25 MARCH 1882, Page 7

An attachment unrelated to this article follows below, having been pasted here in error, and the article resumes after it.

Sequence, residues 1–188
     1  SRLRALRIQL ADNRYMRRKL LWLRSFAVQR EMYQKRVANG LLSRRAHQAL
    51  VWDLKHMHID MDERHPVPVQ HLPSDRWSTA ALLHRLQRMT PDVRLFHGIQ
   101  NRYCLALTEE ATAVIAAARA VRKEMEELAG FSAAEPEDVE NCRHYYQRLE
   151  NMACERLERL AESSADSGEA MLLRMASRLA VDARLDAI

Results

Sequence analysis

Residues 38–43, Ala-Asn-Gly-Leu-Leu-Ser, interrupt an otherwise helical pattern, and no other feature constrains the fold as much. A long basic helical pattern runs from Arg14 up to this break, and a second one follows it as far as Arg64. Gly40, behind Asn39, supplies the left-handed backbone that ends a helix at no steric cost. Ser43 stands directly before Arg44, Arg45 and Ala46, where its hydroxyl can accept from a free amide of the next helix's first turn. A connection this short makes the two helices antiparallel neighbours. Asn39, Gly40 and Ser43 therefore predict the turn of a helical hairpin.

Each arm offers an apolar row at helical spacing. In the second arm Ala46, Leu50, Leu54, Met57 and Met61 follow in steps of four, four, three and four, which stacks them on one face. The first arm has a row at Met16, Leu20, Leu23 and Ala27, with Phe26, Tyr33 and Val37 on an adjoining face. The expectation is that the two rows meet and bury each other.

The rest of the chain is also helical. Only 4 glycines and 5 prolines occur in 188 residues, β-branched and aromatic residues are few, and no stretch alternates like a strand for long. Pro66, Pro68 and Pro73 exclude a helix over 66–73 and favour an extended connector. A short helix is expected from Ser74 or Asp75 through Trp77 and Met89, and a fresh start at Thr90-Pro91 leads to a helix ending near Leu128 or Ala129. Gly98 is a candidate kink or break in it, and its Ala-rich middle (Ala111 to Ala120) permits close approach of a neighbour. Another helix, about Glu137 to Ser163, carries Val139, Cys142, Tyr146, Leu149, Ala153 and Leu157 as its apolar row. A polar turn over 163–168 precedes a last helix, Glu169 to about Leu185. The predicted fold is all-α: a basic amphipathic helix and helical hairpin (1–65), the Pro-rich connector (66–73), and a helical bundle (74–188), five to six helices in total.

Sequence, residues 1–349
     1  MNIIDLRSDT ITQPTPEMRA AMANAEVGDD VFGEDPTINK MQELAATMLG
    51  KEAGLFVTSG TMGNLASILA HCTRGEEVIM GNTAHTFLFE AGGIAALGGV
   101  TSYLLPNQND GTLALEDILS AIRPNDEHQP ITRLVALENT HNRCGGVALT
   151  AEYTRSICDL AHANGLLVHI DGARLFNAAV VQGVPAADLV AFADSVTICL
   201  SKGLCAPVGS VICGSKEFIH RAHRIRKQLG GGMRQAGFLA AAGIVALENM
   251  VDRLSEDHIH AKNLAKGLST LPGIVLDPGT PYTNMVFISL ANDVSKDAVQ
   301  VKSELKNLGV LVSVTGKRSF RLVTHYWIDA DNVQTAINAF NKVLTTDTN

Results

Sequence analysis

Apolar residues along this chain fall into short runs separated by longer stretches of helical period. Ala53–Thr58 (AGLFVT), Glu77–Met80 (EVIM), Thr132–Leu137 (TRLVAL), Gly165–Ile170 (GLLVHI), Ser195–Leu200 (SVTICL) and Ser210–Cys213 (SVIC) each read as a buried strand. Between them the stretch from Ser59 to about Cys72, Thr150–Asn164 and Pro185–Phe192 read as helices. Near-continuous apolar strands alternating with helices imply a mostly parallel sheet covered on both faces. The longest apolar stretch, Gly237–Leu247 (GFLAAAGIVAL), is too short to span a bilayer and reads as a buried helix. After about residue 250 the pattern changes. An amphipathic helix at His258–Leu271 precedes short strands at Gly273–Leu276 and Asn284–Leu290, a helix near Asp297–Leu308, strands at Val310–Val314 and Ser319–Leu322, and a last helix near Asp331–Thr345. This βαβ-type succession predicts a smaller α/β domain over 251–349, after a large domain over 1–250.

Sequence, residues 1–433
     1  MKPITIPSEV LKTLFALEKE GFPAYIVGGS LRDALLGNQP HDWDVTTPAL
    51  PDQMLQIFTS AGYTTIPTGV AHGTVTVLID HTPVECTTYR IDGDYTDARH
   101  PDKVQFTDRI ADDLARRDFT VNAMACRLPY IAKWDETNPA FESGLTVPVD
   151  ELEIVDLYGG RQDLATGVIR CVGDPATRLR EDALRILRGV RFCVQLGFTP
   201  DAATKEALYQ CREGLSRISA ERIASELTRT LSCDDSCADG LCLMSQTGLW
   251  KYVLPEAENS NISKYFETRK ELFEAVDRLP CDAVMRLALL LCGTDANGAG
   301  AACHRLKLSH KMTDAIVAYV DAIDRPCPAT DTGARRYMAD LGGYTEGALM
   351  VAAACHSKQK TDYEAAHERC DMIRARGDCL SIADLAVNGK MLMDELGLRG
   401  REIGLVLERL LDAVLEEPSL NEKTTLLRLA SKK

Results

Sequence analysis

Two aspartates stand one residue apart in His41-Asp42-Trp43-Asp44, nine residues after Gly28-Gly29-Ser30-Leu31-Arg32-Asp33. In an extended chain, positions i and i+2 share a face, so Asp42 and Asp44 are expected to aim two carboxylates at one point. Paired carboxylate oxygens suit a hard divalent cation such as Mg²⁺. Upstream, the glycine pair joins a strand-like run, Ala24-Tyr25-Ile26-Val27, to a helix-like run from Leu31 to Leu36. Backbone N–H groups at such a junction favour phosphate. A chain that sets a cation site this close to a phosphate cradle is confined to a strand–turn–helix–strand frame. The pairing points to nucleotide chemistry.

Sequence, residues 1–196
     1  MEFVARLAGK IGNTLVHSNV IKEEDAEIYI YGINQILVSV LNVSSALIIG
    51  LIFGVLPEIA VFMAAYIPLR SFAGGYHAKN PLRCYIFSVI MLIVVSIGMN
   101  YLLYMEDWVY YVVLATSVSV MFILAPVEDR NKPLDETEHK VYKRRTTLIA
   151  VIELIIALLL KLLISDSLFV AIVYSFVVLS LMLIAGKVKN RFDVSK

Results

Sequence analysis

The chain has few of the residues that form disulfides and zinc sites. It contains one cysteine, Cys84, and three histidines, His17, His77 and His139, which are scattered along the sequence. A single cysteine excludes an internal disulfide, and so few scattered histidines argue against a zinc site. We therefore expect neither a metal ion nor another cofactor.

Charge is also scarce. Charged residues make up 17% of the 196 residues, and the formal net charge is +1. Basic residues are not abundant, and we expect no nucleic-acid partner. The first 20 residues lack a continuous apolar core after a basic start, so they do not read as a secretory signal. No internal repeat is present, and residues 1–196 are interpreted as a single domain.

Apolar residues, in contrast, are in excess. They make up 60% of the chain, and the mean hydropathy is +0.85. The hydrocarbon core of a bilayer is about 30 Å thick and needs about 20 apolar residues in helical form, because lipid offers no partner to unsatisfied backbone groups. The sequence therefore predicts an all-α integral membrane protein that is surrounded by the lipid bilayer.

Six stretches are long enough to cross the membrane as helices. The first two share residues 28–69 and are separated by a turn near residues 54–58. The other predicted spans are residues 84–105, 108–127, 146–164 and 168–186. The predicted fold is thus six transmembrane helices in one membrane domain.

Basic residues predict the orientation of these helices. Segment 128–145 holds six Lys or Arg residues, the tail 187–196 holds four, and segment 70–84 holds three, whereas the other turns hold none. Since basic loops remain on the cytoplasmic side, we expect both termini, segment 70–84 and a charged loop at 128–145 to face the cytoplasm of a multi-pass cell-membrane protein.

THERE is a kind of irony about Mr. Green's imprisonment which, if it were not associated with much undeserved suffering to an innocent and well-meaning man, would make it impossible to regard it without amusement. When the common complaint is that it is difficult to get wife-beaters sent to gaol at all, and roughs who kick constables almost to death sent there for more than a few months, we have the wearing of an illegal vestment, and the illegal lighting of a legal candle, punished with imprisonment which has already lasted one year, and is likely, to all appearance, to last another. That is one incongruity. Then this heavy penalty—a penalty which, if it is enforced for as long a time as by law it may be enforced, will exceed any term of imprisonment to which offenders are now sentenced—has been meted out to Mr. Green at haphazard. There was discussion enough about the treatment of Ritualists when the Public Worship Regulation Act was passing through Parliament, but the word "imprison- ment" was not once mentioned in the course of it. Not even the Church Association itself has ever proposed that its enemies should be sent to gaol for their sins. That it is not the least mollified by Mr. Green's sufferings was proved at its annual meeting the other day ; but though it still breathes out threatenings against the Ritualists, it disclaims any preference for this particular mode of dealing with them. Mr. Green has got into gaol in a way which nobody desired and nobody fore- saw. That is a second incongruity. Further, all this has happened in England, among a people which professes itself to be peculiarly sensitive to anything like the infliction of suffering for conscience' sake, which, if a Scotch Presbyterian minister were shut up somewhere for using a surplice, would be filled with sympathising indignation, and would set to work at once to sign petitions and hold meet- ings praying Lord Granville to use his influence to put an end to a proceeding so opposed to the tolerant spirit of the nineteenth century. That is a third incongruity. We have unwillingly landed ourselves in a position which directly con- tradicts all our best beloved common-places. Lastly, Mr. Green has been shut up for twelve months in gaol because, as the Guardian very well puts it, "he carries out conscientiously a rubric which must be allowed on all hands to give some sanction to his proceedings, if it be interpreted with strict literality, and because be refuses to acknowledge a Court which in its constitution is, ecclesiastically speaking, confessed to be most irregular." Neither the obscurity of the law nor the irregularity of the Court has been the least taken into account. The Public Worship Regulation Act is a highly penal statute, and in construing highly penal statutes, it has been customary to strain a point in favour of the defendant.. No point has been strained in favour of Mr. Green. On the contrary. every doubt—and where the interpretation of the Ornaments Rubric is ooncerned, even the Judicial Committee of the Privy Council were divided—has been ruled against Mr. Green, and though evidence has since been offered which, if it could have been produced in time, might have made even this tribunal change its mind, it has been entirely disregarded. That is the fourth incongruity, and it completes what is not a bad crop of inconsistencies to be gathered from a single case. The proper course to have taken in this business would have been to have made the issue of a Royal Commission to inquire into the constitution and working of the Ecclesiastical Courts, the occasion of a provisional amnesty for ecclesiastical offences. In the absence of such an amnesty, there is at least a possibility that very great injustice may be done to those now under ecclesiastical censure. Let us suppose that, as a result of the Royal Commission, the composition of the Ecclesiastical Courts is considerably altered, and that the Ritualist clergy declare that if they are condemned by the now Court, they